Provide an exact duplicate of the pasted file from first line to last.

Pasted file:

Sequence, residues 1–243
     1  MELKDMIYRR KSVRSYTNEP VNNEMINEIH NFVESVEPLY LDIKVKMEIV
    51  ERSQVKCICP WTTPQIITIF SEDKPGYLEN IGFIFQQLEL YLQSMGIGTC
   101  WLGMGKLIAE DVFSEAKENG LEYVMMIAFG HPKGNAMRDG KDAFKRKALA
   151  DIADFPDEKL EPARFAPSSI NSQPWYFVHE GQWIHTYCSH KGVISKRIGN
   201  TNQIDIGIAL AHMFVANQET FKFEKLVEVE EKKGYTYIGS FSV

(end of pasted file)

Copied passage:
Sequence, residues 1–243
     1  MELKDMIYRR KSVRSYTNEP VNNEMINEIH NFVESVEPLY LDIKVKMEIV
    51  ERSQVKCICP WTTPQIITIF SEDKPGYLEN IGFIFQQLEL YLQSMGIGTC
   101  WLGMGKLIAE DVFSEAKENG LEYVMMIAFG HPKGNAMRDG KDAFKRKALA
   151  DIADFPDEKL EPARFAPSSI NSQPWYFVHE GQWIHTYCSH KGVISKRIGN
   201  TNQIDIGIAL AHMFVANQET FKFEKLVEVE EKKGYTYIGS FSV